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57 Cards in this Set

  • Front
  • Back
Definition of apnea.
complete cessation of airflow during stable sleep
Definition of OSA.
Repetitive episodes of complete or partial obstruction of the airway during sleep.
W/ sleep onset, airway becomes more ____ .
floppy due to decreased muscle tone
By definition, an event of apnea or hyponea last a minimum of ____ seconds.
OSA is associated w/ O2 ____.
Lack of airflow leads to brief ____ disrupting sleep architecture causing ____.
arousal, daytime sleepiness
Number of events (apnea or hypopnea) per hour
Apnea-Hypopnea Index (AHI)
Measure ___ ____ w/band aroudn chest and abdomen.
respiratory effort
W/ obstruction, there is ___ the abdomen goes up and the thorax goes down w/o _____.
paradoxing, synchrony
It costs more to ____ OSA than to treat it.
Treating OSA will ___ medical costs.
OSA syndrome = AHI > ? w/ _____
5, daytime sleepiness
Treatment of children w/ sleep apnea.
surgery, tonsillectomy/adeniodectomy
Risk factors for developing OSA.
increasing age
male gender
positive family history
craniofacial features
alcohol consumption
drug use (barbituates, benzodiazapines)
nasal congestion
OSA prevalence in women increases after ___
By age ___ women and men have similar incidence rates for OSA.
OSA is influenced by ____ ratios.
BMI influence on OSA is ___ w/ age.
Stereotypical OSA patient
male, middle aged, w/ large neck circumference
Consequences of OSA
excessive daytime sleepiness (most common)
cognitive impairment
increased risk for MVA
impaired vigilance
decreased QOL
morning headache
weight gain
insulin resistance
disruption of partner's sleep
CV events
Normal ESS
Increased in MVA if you __ (which indicates possible OSA)
Treating OSA w/ CPAP may ____ Insulin sensitivity, greatest in those w/ ____ BMIs.
improve, lower
Those treated w/ CPAP improved partner's sleep and hence their partner's ____ and ____.
CV consequences of OSA
hypertension, MI, arrythmia, strokes, pulmonary HTN, sudden death
Start treatment for OSA when ___ events of apnea/hypopnea occur per hour.
Why is compliabnce a problem w/ CPAP?
skin irritation, nasal complaints
OSA patients are more likely to die when?
in the middle of the night while asleep
How does OSA cause pulmonary HTN?
w/ hypoxemia, there is vasoconstriction of pulmonary arteries
Explain anatomic pathogenesis of OSA.
upper airway is small in size or has a narrow radius
Explain neural pathogenesis of OSA.
allows airway to collapse and become more compliant during sleep
During REM all sk. muscle is relaxed except?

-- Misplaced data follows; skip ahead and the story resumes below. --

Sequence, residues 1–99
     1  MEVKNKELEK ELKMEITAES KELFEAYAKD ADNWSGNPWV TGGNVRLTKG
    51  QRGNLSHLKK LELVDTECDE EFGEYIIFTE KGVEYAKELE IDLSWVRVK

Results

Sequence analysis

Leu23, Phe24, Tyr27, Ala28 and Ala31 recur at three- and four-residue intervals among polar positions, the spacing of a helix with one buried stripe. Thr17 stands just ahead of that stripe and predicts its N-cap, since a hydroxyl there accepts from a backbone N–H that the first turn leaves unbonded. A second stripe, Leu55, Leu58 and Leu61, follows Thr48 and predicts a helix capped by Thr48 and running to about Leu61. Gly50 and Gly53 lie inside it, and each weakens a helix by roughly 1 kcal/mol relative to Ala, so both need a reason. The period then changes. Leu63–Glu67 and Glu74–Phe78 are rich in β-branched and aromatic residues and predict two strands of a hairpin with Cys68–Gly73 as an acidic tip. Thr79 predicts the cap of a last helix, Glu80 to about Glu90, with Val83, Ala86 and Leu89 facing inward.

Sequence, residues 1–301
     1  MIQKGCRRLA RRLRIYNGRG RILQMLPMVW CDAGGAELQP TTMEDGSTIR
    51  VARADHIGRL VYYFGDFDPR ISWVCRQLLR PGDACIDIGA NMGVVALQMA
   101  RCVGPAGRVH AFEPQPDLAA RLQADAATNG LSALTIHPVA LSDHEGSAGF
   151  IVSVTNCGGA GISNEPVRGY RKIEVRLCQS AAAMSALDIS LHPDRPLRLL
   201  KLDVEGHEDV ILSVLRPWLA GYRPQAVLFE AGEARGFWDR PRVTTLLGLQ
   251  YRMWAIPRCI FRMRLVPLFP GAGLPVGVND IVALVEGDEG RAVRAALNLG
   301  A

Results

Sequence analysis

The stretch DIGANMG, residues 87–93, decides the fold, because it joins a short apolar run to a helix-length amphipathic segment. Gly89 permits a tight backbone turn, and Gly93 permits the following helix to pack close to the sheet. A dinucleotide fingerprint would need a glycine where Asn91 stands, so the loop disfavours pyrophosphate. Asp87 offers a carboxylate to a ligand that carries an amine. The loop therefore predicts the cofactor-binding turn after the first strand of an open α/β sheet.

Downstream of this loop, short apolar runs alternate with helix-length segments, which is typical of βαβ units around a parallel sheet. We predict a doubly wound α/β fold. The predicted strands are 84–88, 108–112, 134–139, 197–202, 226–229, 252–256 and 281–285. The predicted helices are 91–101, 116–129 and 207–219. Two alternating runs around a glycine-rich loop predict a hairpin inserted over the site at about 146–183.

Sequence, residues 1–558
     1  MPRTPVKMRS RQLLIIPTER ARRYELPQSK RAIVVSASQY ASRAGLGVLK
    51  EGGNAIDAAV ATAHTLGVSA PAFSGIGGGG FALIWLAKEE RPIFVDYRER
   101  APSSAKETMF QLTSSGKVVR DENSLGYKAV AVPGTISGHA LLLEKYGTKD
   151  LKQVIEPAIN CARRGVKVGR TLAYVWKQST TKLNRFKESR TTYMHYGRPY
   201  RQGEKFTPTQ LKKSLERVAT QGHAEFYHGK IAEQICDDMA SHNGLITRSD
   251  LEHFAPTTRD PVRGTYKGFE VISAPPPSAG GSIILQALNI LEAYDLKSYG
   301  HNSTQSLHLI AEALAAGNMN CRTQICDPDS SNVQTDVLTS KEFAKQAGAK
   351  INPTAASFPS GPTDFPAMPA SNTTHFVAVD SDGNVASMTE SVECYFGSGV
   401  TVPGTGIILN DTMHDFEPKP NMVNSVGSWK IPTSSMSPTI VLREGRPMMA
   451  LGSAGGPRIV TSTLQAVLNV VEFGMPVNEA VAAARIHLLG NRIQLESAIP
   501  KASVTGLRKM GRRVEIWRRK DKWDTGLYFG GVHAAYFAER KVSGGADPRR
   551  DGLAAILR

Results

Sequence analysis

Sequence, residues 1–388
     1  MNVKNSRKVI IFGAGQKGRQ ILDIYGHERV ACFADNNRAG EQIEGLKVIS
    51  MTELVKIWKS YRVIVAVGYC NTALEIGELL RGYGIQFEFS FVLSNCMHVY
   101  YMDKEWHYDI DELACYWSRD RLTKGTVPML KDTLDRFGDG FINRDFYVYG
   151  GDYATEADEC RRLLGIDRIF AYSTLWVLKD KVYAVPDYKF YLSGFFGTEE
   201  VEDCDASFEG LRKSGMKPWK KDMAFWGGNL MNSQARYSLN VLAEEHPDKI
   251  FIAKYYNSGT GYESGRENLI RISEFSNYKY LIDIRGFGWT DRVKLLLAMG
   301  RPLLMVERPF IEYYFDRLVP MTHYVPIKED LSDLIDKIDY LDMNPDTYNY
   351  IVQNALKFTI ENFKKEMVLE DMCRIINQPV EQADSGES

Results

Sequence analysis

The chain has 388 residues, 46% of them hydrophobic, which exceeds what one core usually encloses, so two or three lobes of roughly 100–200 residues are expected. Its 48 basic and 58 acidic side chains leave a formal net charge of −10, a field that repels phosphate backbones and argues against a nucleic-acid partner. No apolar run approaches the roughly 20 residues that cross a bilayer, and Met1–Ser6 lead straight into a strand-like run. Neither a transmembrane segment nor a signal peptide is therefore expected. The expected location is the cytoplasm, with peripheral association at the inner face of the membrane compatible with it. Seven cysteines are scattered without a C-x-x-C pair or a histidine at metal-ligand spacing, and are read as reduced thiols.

diaphragm, and extraocular muscles
Name four muscles that can be involved w/ OSA
genioglossus - collapse during sleep
pharyngeal constrictors
Explain OSA pathogenesis.
Sleep --> decrease airway dilator activity, decrease respiratory drive --> continue respiratory effort --> become hypoxic and acidotic --> triggers chemoreceptors in brainstem -->arousal and breathing stimulated
OSA is worse during ___ sleep.
Why is OSA the worst during REM?
least muscle tone w/ minimal resp. responsiveness
OSA resp symptoms
loud snoring (worse supine)
loud snorts w/ arousal
choking or gasping episodes
witness apneic events
irregular breathing patterns
mouth breathing & dry mouth
Women w/ OSA are more likely to have ____ and ____.
excessive daytime sleepiness, depression
OSA symptoms
unrefreshing/restless sleep
decreased libido
cognitive impairment
personality changes
morning headache
excessive daytime sleepiness
nocturnal arrythmia
atrial tachycardia
Neck size in OSA
17 inches in men
16 inches in women
OSA physical findings:
rhinitis, nasal obstruction, nasal polyps, retrognathia, macroglossia, narrow facies, mandibular insufficiency, high arched palate, long soft palate, large uvula, tonsilar enlargement, overbite
Diagnostic workup for OSA
overnight polysomnography (gold standard)
What is included in a polysomnography?
EOG, EEG, electromyogram, air flow, eye movements, snoring, pulse oximetry, body position, EKG, and leg m'ments
If patient only has apnea in supine position, try ___
positional therapy
Examples of arrythmias seen w/ OSA.
PVCs, ventricular tachycardias, atrial tachycardias
Anti-depressants inhibit ___ sleep, therefore patient w/ ___ associated OSA, will not show symptoms.
A study where the diagnosis of OSA is made during the first part of the overnight polysomnogram, followed by a period of CPAP. Used for AHI > 20.
Split Night Studies
OSA Treatment
behavioral treatments
Blows air into your airway through your nose, provides continuous positive airway pressure to keep airway open.
Similar to CPAP w/ higher pressure during inhalation than exhalation used for patients that can't blow against positive pressure. (COPD)
Problems w/ CPAP:
wearing it, arousals, electricity needed, skin irritation, air leaks, and maintenance
What aids nasal irritation complaints and relieves obstruction?
air humidification
Give CPAP for AHI greater than ___ or greater than ___ with comorbidities.
15, 5
How do oral appliances help OSA?
brings jaw forward which increases muscle tone to stent open the airway
When should you treat with oral appliances?
primary snoring problems, mild to moderate OSA that doesn't meet CPAP criteria, previously CPAP, or preference,
mild to moderate OSA w/ low BMI or positional OSA
What are the cons of a UPPP?
painful, works only half the time, not very effective
Examples of region-specific surgery.
nasal surgery, mandibular advancement or osteotomy, genioglossus advancement